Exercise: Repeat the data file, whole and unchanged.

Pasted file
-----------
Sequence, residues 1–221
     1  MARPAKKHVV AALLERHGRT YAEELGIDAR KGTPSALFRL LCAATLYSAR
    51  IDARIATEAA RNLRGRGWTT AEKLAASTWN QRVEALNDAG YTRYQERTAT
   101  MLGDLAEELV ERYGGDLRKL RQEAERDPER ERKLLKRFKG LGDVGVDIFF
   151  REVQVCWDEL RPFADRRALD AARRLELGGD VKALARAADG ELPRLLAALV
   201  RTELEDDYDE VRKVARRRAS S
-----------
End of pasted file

Sequence, residues 1–221
     1  MARPAKKHVV AALLERHGRT YAEELGIDAR KGTPSALFRL LCAATLYSAR
    51  IDARIATEAA RNLRGRGWTT AEKLAASTWN QRVEALNDAG YTRYQERTAT
   101  MLGDLAEELV ERYGGDLRKL RQEAERDPER ERKLLKRFKG LGDVGVDIFF
   151  REVQVCWDEL RPFADRRALD AARRLELGGD VKALARAADG ELPRLLAALV
   201  RTELEDDYDE VRKVARRRAS S